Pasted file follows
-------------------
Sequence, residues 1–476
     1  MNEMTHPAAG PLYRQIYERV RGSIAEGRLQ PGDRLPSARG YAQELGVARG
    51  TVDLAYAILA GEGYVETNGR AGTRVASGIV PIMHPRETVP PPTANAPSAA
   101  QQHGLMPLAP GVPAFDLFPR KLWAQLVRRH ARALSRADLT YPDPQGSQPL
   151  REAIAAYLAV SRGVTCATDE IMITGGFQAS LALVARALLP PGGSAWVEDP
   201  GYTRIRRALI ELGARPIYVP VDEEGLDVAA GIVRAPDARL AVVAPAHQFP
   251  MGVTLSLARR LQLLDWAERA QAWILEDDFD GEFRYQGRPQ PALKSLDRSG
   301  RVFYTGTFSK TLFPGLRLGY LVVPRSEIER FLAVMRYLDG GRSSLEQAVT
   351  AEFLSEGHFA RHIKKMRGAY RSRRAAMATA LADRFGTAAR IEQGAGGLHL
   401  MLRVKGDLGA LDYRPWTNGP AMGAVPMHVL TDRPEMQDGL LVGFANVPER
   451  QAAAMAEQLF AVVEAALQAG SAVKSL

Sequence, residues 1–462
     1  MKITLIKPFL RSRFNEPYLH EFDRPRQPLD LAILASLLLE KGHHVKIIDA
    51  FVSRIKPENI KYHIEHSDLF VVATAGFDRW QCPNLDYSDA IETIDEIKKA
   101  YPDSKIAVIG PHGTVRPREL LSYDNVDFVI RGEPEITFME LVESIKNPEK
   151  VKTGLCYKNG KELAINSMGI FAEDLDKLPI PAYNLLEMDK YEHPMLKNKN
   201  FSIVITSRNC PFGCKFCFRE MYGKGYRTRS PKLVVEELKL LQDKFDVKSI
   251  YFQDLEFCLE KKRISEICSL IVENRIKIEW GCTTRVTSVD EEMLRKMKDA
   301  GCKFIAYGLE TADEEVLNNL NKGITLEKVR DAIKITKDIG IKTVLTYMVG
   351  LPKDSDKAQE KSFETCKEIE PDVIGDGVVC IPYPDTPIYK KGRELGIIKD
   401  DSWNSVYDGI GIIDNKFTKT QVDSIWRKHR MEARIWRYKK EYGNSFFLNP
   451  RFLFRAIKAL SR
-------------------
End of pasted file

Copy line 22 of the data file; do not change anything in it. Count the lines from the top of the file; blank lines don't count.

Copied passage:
   451  RFLFRAIKAL SR